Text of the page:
MBE Change to 25 Experimental Questions

MBE Change to 25 Experimental Questions

The National Conference of Bar Examiners announced that the format of the MBE will change starting on the February 2017 bar exam. Although the number of total questions (200) will not change, the number of experimental questions will increase from 10 to 25. This means that 175 questions will count towards your score.

Bar Exam Tips: The Last Few Days Before the Exam

Bar Exam TipsCongratulations on getting to this point in your bar exam preparation! Having prepared for the bar exam myself, I understand firsthand the intense stress that comes along with it. However, you can’t let stress get the best of you! You’ve worked hard to get here, and it’s essential to approach these last few days with a clear head and a solid game plan. Having a strategy is crucial for success. By taking the time to map out your study schedule, prioritize your materials, and practice under simulated exam conditions, you can feel more focused and in control. Remember, you’ve got this, and we’ll be cheering you on every step of the way!

Bar Exam Tips

  1. Have a study schedule planned out for the last few days.
  2. Continue your review of the MBE and essay subjects.
  3. Continue doing practice questions and reviewing essay questions.
  4. Study multiple areas of the law you struggle with. Try to get through many and make sure you don’t get caught up for too long with any one topic. The worst thing you can do is spend one of your last days on the Rule Against Perpetuities trying to hammer it down. The truth is, hardly anybody understands it! Just move on and get the low lying fruit.
  5. Update the law in your outlines as necessary. Don’t get in the trap of doing practice questions to pass the time without getting the most out of each one. If you get a practice question wrong, make sure you note the legal issue you didn’t know in your outline.
  6. Set aside time to recharge by taking breaks. Your dog would love to take a walk around the block! If you don’t have a dog, then I’m sure you would love to take a walk around the block!
  7. Set aside time to create a logistics plan for the test. Think about what you will need to bring and eat, when you will leave for the exam, and how you will get to the testing site.
  8. Get sleep!
  9. Eat brain food. Skip the fast food and diet drinks!
  10. Take time to relax. You’re stressed to the MAX right now, and trust us, we understand. Give yourself a break. Watch a movie, go for a swim, or take a yoga class!

We hope these bar exam tips are helpful! Best of luck on your last few days of preparation! If you have any questions, give us a call at 800-529-2651.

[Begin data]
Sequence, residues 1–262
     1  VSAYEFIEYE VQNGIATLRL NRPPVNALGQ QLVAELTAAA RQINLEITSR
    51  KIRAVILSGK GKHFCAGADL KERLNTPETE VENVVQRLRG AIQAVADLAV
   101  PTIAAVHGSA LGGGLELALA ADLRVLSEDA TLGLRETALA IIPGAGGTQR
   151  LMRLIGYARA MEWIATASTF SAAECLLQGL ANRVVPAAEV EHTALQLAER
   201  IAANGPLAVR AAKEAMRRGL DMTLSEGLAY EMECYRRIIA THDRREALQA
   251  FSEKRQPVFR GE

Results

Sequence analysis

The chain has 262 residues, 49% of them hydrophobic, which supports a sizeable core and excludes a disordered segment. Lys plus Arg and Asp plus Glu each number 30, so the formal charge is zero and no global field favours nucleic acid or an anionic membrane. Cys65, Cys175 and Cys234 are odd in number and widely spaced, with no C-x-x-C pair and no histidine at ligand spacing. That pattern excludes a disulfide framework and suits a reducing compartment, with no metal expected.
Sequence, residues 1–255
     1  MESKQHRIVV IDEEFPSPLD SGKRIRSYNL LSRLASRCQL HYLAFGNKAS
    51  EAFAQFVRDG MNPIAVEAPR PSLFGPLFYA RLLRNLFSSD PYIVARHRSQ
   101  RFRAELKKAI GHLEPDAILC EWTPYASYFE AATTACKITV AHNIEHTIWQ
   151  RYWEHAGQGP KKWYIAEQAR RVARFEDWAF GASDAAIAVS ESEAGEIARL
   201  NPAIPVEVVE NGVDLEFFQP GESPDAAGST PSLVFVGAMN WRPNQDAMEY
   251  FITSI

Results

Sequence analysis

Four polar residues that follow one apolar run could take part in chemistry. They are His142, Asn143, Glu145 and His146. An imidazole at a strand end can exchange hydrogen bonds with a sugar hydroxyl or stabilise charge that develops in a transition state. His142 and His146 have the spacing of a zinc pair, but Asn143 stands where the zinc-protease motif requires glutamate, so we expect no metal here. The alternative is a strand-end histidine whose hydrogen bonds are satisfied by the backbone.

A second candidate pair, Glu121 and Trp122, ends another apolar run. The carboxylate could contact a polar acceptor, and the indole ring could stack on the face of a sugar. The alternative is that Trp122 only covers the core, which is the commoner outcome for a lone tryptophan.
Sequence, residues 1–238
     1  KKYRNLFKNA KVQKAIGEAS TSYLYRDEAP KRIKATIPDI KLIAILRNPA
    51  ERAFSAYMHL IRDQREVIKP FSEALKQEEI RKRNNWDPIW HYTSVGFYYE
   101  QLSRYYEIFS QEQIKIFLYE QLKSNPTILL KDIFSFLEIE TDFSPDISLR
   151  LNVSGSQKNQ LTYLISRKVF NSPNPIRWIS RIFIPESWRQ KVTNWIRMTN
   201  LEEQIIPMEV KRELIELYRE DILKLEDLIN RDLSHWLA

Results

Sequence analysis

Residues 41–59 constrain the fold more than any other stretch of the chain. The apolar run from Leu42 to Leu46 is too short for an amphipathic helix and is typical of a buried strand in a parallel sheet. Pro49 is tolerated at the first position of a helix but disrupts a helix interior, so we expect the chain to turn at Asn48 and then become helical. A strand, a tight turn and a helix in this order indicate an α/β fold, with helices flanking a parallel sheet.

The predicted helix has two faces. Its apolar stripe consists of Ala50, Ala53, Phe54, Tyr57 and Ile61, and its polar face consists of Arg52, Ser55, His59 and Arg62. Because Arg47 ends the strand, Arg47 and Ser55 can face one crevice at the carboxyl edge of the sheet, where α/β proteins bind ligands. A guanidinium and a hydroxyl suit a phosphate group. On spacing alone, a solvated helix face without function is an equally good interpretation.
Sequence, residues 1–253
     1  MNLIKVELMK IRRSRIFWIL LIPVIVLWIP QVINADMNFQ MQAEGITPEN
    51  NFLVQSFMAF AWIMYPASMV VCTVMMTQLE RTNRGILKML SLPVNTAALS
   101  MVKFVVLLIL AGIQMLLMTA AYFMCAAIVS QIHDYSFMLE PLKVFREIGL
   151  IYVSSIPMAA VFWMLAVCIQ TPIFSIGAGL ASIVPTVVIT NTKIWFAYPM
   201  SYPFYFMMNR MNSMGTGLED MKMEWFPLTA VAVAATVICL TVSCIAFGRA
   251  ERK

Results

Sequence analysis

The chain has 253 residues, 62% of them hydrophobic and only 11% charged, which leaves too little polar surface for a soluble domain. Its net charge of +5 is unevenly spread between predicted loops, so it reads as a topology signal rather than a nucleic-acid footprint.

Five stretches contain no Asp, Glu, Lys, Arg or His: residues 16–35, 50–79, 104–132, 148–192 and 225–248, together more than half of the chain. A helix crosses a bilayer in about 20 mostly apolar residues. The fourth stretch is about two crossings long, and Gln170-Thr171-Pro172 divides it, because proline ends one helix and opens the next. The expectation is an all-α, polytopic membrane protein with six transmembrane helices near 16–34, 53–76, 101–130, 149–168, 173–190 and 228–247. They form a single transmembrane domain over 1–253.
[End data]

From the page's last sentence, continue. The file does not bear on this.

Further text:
Making a Realistic Study Calendar

Realistic Study Calendar

Creating a realistic study calendar is a huge part of your study process. In the past couple of weeks, we have told you when and how you should begin studying. Something that we have mentioned is making a realistic calendar, but it’s something that should be addressed more fully.

As we mentioned a couple of weeks ago, students can typically benefit from 6-8 weeks of full time study. “Full time study” here means approaching studying as you would a full time job. You wake up in the morning and begin studying, you take a lunch break, and you continue studying until the evening. You wake up the next day and do the same thing. So, it truly is like a full time job. Luckily this amount of studying isn’t permanent as it generally lasts only a few weeks.

So, what do we mean by a realistic study calendar? A realistic study calendar will build in your intended study time. If you are working full time, then there is no way that you will also be able to study for 6-8 hours a day for 5-6 days a week. It just isn’t feasible. That means you will need to extend your calendar for longer than 6-8 weeks. For this scenario, 10-12 weeks would probably be best. That’s the current time frame until the next bar exam. So, if you’re working, it would serve you best to start studying now.

If you’re not working, being realistic is still important. If you don’t have intentions of studying every day from 8 AM-8 PM, don’t schedule yourself that way. Plus, you may burn out if you study all day every day with no break. Be realistic about your approach so that you have enough time to study the material, but you don’t overextend yourself and burn out early.